It’s a nice day to relax. I am lounging in my recliner, gazing at the fire and listening to my oldies but goodies on the Bose.
On reflection, it is my opinion that the ‘50s and early ‘60s was the last era of romantic songs. Of course, there were some horrific clunkers during that time like “How Much is that Doggie in the Window,” “This Old House,” “Tammy” and the most wretched of them all “Honey.”
I get a little queasy thinking of that one. But for the most part we had some great songs to fall in love by.
I wonder about the younger generation. They have no romantic music to help them along in the courtship game.
In fact, the recording industry is stinking up the whole solar system with dreadful techno blasts, rap madness and screaming lyrics that are the antithesis of romance. It’s a shame!
Do you recall your first big date? I do. It was with a special girl that I couldn’t believe accepted my bumbling invite. I remember pulling up to her house, adjusting my shirt, touching up my hair and trying to appear serene and confident as I rang the doorbell.
Her friendly mother and suspicious father greeted me at the door. Old Pops grilled me in a not-so-subtle way about my intentions while I waited for my date.
This uncomfortable state continued until my dream girl descended the stairs and with a cheery “Hi Blaine, let’s go” grabbed my arm and whisked us out the door.
In those days you always opened the car door and prayed that your little honey would sit close to you (no bucket seats). The ultimate nightmare was when they hugged the door; a portent of a very long evening.
Ideally your girl would snuggle up next to you and when you asked what time she had to be home she’d reply, “when I get there” — pure teenage bliss.
So with a peel of the tires off you’d fly; two smiling faces in love with life anticipating great fun for the night.
After fumbling with the radio you’d tune in Dick Biondi on WLS out of Chicago.
He was the master of silly chatter and played all the top hit parade songs which would break through the awkward teenage fog and set the stage for the rest of the evening.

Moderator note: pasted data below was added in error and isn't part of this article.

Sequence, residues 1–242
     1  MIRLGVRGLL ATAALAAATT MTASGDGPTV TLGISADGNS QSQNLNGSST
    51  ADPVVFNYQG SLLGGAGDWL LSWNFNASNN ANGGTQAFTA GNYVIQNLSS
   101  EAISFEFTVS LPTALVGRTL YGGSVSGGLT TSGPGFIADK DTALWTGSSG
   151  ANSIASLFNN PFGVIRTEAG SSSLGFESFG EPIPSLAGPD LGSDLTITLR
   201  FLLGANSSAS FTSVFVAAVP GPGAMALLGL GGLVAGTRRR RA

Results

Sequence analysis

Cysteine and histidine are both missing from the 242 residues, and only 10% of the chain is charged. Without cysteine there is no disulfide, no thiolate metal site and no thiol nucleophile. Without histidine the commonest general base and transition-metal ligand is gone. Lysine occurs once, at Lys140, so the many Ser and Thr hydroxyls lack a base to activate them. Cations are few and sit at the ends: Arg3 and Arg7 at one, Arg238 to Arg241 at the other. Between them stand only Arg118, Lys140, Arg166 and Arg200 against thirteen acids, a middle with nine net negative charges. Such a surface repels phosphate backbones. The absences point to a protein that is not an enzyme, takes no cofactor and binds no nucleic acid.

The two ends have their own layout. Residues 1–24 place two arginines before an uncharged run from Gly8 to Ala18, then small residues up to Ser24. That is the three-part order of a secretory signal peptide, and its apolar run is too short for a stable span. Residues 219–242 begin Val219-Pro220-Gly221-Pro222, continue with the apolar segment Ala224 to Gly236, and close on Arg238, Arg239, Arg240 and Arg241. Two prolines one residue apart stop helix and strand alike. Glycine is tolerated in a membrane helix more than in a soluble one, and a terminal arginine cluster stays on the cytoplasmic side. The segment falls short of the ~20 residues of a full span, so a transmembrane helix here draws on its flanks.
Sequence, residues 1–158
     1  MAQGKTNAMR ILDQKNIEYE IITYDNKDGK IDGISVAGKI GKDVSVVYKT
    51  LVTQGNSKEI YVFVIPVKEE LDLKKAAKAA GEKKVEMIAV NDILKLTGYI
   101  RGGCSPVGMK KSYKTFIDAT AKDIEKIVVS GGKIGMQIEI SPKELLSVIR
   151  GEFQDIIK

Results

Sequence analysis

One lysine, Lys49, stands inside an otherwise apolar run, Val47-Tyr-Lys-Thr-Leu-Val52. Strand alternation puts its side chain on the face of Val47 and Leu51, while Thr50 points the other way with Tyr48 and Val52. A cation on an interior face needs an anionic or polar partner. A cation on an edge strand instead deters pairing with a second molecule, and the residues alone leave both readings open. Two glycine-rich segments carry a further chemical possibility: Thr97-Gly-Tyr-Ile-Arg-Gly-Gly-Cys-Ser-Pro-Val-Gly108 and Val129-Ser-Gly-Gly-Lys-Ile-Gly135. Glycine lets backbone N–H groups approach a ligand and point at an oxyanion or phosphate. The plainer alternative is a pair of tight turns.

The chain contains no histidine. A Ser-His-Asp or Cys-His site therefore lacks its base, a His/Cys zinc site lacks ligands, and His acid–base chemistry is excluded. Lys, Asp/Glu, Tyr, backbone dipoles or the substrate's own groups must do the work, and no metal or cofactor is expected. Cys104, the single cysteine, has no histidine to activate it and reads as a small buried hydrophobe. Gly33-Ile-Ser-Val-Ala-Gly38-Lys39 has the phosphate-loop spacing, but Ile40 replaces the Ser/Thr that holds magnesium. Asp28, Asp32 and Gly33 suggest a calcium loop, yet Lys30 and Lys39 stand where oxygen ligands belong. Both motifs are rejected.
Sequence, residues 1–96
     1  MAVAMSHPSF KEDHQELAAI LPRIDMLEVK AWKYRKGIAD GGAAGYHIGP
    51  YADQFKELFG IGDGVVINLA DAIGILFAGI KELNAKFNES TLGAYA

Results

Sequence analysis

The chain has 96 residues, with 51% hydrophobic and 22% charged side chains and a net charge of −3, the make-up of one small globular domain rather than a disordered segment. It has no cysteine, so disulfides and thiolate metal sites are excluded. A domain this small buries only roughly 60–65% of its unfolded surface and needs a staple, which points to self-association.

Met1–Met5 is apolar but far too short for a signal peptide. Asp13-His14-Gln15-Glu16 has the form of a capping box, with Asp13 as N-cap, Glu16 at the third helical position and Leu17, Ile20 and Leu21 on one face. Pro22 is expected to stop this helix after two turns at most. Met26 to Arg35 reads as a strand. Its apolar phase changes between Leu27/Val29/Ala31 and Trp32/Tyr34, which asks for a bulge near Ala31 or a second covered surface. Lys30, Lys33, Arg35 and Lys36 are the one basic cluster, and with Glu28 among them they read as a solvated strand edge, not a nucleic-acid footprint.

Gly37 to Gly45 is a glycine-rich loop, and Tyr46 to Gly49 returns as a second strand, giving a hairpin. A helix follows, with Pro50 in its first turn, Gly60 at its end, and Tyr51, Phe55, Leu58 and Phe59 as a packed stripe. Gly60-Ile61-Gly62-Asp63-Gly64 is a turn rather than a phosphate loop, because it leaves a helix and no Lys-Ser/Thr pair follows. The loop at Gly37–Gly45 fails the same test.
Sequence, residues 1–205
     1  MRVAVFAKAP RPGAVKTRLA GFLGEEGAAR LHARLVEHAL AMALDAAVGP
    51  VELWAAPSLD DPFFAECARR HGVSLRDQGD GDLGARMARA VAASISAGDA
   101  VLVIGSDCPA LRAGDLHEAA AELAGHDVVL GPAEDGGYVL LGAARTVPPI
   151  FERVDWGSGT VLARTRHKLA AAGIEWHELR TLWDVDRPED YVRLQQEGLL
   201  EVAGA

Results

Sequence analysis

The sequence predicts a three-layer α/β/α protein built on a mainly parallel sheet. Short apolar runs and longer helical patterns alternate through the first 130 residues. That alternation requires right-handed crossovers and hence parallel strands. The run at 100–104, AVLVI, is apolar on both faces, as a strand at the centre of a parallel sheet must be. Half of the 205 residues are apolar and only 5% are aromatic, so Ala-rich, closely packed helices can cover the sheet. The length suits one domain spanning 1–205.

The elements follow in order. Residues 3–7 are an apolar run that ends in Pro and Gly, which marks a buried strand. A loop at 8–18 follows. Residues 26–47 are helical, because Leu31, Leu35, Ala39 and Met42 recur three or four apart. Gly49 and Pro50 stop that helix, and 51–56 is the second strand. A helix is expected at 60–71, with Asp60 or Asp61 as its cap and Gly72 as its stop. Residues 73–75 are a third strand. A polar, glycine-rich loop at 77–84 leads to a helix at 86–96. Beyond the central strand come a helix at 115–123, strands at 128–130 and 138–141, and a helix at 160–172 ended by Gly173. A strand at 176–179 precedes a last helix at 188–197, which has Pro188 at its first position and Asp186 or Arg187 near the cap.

The old car radio would crank out butt-shaking rock 'n' roll favorites like “At the Hop,” “Tallahassee Lassie,” “Johnny Be Good,” “Louie Louie” and “Wild One.”
Want some more? You got ‘em. How about “Willie and the Hand Jive,” “Summer Time Blues,” “Jailhouse Rock,” and my all-time favorite, the incomparable Jerry Lee Louis’ classic “Whole Lotta Shakin’ Goin’ On”?
Interspersed in all this mayhem were the goofy tunes like “One-Eyed, One-Horn, Flying Purple People Eater,” “Does Your Chewing Gum Lose Its Favor (On the Bedpost Overnight)?” and many more that left teenage eyes wet with laughter.
Once the movie — followed by a burger — was over it was back to the car. In my case a 1952 Dodge without a doubt the ugliest car in Indiana. It looked like a Rhino but the radio worked and it could plow through the North Pole, which came in handy during the brutal winters.
It’s now pushing 10 p.m. and approaching magic time.
The DJs are on your side. The rock 'n' roll fades and is replaced by a stream of love songs — are you ready?
“Teenager in Love,” “Dream Lover,” I Only Have Eyes For You,” “Since I Don’t Have You,” “A Thousand Stars,” “Twilight Time,” “Stand By Me,” and the guy who launched a million love affairs, the silky smooth Johnny Mathis crooning “Chances Are.” After that barrage of romance you could look like Elmer Fudd and still have the time of your life!
A gentle touch on the knee, an extra twinkle in the eye and a charming blush to the cheeks (girls blushed back then) signaled it was time to park! Any experienced werewolf like me was familiar with all the usual haunts such as: Fedder’s Alley and Friendship Gardens but there were too many nosy cops, with those hateful flashlights, lurking about ready to kill a budding romance.
For my “night moves” I reserved an old country road that Lewis and Clark might have traveled. Even God couldn’t find me there! With the glow of the panel lights, at times soft, blowing snow and tons of love songs many of us embarked on that long exotic road to love and marriage.
Blaine Heric can be reached at firstname.lastname@example.org